Imagine being able to throw away those diet books and eat whatever you want without becoming fat, and – as a bonus – not develop diabetes and live longer as well. A new study led by Joslin Diabetes Center researchers and published in the Jan. 24 issue of the journal Science brings scientists one step closer to turning this scenario – no doubt the dream of the estimated 60 million overweight American adults – into a reality.
The study, conducted in laboratory animals, raises the possibility that new drugs can be developed to make fat cells in the body less sensitive to insulin. Perhaps one day humans, like the genetically altered mice studied, may be able to eat whatever they want and still stay slim – and live longer.
The researchers, headed by C. Ronald Kahn at the Joslin Diabetes Center, reported on their experiments with mice that have been genetically altered to have no insulin receptor in fat. These so-called FIRKO mice were able to eat all they wanted and remain lean. In fact, even when they were stimulated to overeat, they failed to gain any extra weight. What’s even more important is that these mice live longer than brother/sister controls that ate the same amount of food but did not have this genetic knockout.
Matthias Bluher of Joslin, and Barbara B. Kahn of Boston’s Beth Israel Deaconess Medical Center’s Department of Medicine, also participated in the study. Both institutions are affiliated with Harvard Medical School, where C. Ronald Kahn is the Mary K. Iacocca Professor of Medicine, Barbara B. Kahn is professor of medicine, and Matthias Bluher is a research fellow in medicine.
Why did the mice stay slim? The mice in the study had fat that could not respond to insulin. “Since insulin is needed to help fat cells store fat, these animals had less fat and were protected against the obesity that occurs with aging or overeating. They also were protected against the metabolic abnormalities associated with obesity, including type 2 diabetes,” C. Ronald Kahn said.
“In this interesting mouse model, a reduction in fat mass, achieved without caloric restriction, significantly extends life span. These exciting results demonstrate how the National Institutes of Health investment in fundamental research continues to generate new insights with major implications for preventing and treating diabetes and obesity,” said Judith Fradkin. Fradkin heads the endocrinology and metabolic diseases divisions of the National Institute of Diabetes and Digestive and Kidney Diseases, part of the National Institutes of Health, which funded the study.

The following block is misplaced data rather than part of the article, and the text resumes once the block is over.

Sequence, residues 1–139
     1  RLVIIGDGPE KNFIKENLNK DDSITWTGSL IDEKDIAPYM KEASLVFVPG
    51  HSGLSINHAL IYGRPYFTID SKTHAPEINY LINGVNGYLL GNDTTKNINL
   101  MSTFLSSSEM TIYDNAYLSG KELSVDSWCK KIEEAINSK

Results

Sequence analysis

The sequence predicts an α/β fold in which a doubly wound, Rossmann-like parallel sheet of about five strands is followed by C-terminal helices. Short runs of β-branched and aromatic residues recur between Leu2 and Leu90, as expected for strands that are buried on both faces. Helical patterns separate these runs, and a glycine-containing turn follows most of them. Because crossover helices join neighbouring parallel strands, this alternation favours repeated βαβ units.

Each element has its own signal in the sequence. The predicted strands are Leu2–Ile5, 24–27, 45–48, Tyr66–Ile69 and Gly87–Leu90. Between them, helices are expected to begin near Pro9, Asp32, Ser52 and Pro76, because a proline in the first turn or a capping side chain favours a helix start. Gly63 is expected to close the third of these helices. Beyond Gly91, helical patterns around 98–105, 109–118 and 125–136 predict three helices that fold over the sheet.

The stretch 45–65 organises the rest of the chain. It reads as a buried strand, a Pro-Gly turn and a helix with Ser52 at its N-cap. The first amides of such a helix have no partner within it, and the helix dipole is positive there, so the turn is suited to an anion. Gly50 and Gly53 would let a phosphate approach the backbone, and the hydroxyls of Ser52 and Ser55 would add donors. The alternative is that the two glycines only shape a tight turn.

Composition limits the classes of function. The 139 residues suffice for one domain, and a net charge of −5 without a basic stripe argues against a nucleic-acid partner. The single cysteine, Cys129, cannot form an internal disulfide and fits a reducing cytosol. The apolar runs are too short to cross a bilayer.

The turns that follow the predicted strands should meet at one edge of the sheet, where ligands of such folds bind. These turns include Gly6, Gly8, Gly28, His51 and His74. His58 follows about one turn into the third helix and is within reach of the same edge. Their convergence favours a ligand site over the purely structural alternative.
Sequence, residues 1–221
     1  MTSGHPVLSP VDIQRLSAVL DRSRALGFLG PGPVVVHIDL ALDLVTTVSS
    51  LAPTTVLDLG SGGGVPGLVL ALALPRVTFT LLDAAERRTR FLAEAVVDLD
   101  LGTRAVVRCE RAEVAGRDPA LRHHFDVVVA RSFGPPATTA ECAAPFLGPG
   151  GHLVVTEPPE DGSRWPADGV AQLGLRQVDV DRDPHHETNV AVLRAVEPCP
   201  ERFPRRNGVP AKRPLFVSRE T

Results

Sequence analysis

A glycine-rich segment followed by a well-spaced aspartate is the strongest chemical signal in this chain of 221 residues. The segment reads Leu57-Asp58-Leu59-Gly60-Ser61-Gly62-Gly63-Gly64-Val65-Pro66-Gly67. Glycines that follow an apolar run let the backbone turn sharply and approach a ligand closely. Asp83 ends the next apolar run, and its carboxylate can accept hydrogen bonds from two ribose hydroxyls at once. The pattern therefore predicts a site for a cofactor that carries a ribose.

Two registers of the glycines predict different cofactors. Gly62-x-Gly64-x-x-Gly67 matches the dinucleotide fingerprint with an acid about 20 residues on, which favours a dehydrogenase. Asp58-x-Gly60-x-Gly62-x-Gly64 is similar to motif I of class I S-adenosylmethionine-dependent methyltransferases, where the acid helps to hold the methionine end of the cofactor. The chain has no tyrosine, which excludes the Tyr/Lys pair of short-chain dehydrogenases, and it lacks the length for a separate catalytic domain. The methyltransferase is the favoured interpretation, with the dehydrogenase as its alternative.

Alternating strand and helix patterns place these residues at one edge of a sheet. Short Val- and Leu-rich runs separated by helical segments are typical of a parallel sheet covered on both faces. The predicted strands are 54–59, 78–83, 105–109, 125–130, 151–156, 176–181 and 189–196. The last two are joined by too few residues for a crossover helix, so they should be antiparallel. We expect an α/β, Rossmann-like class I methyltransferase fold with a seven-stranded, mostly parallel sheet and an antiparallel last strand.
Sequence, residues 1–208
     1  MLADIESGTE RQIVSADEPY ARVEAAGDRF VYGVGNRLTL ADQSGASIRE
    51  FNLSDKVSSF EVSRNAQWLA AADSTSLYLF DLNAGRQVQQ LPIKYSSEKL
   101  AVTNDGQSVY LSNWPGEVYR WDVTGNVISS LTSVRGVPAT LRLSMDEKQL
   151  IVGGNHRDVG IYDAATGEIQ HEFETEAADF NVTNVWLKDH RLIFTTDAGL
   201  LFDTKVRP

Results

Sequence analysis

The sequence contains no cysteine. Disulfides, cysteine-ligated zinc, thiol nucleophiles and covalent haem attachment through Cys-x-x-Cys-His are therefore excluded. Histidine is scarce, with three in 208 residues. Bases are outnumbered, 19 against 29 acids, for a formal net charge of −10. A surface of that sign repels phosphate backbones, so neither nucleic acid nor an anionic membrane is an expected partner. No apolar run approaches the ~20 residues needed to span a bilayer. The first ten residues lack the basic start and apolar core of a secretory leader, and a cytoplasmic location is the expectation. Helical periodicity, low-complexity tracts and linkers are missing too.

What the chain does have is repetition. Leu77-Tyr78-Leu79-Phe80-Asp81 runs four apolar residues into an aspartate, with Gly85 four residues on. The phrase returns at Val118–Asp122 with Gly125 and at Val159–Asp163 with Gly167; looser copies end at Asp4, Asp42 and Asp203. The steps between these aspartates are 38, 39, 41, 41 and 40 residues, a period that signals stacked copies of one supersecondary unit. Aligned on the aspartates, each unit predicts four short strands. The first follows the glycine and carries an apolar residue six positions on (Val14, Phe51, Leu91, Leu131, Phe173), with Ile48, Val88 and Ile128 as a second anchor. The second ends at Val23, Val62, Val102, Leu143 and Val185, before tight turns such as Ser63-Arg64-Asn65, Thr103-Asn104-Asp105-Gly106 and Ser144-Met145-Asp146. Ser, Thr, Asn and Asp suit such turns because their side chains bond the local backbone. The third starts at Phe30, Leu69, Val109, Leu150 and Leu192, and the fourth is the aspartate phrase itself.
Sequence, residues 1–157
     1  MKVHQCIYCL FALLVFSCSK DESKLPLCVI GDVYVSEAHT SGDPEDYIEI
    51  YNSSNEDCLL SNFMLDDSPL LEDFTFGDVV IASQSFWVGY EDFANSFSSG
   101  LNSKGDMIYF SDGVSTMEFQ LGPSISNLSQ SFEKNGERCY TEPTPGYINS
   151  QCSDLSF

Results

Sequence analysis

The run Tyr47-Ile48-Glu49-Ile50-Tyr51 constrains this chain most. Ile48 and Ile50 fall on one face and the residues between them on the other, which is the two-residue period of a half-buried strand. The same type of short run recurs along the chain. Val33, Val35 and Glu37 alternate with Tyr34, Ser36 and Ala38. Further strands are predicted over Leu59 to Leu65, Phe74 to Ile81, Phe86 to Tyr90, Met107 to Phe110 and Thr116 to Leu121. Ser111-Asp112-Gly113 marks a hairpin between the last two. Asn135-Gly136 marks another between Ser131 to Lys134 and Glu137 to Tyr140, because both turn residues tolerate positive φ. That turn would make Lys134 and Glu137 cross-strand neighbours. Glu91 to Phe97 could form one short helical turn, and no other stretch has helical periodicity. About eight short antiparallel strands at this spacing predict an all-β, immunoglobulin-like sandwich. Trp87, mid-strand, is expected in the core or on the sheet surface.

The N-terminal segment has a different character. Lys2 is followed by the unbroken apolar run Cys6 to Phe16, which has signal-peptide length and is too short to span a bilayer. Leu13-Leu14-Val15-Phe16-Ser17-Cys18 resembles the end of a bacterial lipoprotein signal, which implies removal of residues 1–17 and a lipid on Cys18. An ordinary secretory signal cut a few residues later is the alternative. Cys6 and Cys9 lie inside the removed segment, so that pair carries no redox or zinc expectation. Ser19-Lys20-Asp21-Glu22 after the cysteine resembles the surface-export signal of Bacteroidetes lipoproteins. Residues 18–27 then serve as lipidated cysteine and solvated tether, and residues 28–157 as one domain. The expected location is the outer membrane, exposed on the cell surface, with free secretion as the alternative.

Scientists know that how long an organism lives depends on many factors, including genetics, hormone signaling, body weight, body fat content, and environmental factors such as food or caloric intake. It also has been known for some time that caloric restriction increases longevity in various organisms, ranging from yeast to mammals. What was not clear was if diet restriction increased longevity directly or whether the longevity was due to the associated leanness.
In the current study, the researchers found FIRKO mice at all ages had a 50 to 70 percent reduction in fat mass, despite the fact that they ate normally or even more than the controls. Moreover, they were protected against obesity and its related metabolic disorders, including type 2 diabetes, which affects at least 17 million Americans and is associated with obesity in at least 80 percent of cases.
The researchers found both male and female FIRKO mice on average had a life span increase of 18 percent, or 134 days – from 753 to 887 days. Furthermore, the researchers found that at 30 months of age – when 45 to 54 percent of control mice had died – more than 80 percent of FIRKO mice were still alive.
While the researchers do not know if the same outcome would occur in other mammals or humans, the findings in the FIRKO mice study provide hope. “Perhaps one day if we are able to find a drug to reduce or block insulin action in fat cells in humans, we might be able to prevent obesity, as well as type 2 diabetes and other metabolic diseases,” C. Ronald Kahn said. “And who knows, they might also live longer too.”